- College students who received a Pell Grant in the 2020-21 academic year are eligible for up to a $50 or $75 monthly discount on broadband internet through a new Federal Communications Commission program.
- The FCC and the U.S. Department of Education announced the offer through the Emergency Broadband Benefit Program on Wednesday. Officials said they did not know how long it would last.
- Higher education experts contend long-term investment is needed to expand broadband infrastructure and reduce financial barriers to accessing it.
The FCC’s $3.2 billion EBB Program launched May 12. Eligible households can receive up to $50 per month off the cost of broadband service and equipment. The benefit increases to $75 for households on tribal land. They also can get up to $100 toward the cost of an internet-connected device, including laptops and tablets.
The department plans to reach out to the roughly 6.5 million Pell Grant recipients to tell them they may be eligible. It is also working with the FCC to create materials to help schools share information about the offer.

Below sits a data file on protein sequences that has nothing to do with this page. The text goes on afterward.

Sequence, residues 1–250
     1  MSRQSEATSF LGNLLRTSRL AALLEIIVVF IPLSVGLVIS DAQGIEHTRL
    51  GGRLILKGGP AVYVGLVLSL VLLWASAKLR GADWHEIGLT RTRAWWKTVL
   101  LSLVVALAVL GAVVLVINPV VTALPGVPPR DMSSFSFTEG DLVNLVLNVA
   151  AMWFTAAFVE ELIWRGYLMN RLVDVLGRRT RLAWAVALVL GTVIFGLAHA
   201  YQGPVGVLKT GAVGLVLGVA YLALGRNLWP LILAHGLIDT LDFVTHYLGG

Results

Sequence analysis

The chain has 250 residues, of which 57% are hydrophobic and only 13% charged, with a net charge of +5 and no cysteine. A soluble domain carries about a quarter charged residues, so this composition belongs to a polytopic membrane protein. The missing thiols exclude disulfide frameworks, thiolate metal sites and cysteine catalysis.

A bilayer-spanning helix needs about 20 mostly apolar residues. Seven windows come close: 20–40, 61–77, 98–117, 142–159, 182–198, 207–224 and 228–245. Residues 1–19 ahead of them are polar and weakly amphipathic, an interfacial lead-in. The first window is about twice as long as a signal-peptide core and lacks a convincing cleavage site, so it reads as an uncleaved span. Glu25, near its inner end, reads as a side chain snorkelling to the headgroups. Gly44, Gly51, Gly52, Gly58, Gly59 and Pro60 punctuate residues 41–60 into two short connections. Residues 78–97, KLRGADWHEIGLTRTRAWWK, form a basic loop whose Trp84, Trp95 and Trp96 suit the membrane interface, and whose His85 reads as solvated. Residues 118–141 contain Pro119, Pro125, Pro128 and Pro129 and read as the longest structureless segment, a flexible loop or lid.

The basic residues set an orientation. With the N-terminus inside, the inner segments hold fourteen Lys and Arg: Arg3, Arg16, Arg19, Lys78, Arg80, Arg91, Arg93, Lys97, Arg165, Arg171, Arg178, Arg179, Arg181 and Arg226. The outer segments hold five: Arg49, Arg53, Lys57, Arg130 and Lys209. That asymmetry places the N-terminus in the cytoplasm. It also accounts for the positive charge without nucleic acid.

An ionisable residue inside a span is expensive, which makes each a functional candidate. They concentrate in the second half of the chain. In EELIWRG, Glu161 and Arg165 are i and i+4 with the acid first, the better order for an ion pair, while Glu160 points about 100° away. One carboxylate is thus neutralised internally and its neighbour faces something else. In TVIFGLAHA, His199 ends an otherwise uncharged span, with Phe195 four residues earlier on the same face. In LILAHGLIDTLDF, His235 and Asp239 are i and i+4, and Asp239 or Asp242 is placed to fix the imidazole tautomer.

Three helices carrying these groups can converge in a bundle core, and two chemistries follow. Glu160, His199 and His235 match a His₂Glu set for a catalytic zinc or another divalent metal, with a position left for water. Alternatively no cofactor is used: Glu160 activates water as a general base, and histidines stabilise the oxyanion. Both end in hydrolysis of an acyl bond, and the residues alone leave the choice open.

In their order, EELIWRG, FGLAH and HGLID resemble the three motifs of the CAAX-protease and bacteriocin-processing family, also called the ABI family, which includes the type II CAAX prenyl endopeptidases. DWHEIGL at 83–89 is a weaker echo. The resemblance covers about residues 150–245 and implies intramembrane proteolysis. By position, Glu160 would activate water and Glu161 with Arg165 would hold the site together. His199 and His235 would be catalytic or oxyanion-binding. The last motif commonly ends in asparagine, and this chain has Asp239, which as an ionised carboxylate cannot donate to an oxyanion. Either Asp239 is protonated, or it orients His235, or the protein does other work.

Officials from the department and FCC told reporters they do not know how long the offer will last. They hope to study data on who receives the benefit to inform lawmakers when developing legislation that could expand broadband access.
President Joe Biden’s $2 trillion American Jobs Plan asks Congress to provide about $100 billion to increase broadband access. And federal coronavirus relief packages provided money to expand service to underserved areas and populations. The EBB was established through the second major coronavirus relief legislation.
Many college students struggled with internet access even before the pandemic, but the crisis exacerbated the problem as institutions moved their classes online. Higher ed experts contend that the relief funds are a temporary solution and that long-term investment is needed. Improved data on who already has broadband can also help ensure widespread access.
The only Pell recipients eligible for the EBB are those who received a grant for the 2020-21 academic year. But many students decided not to enroll in college that year, causing a 3.6% decline in undergraduate enrollment in fall 2020, according to the National Student Clearinghouse Research Center. At community colleges, enrollment fell more than 10%.
An Ed Department spokesperson did not answer Higher Ed Dive’s emailed question by press time about whether the benefit will extend to incoming students who receive Pell Grants for the 2021-22 academic year.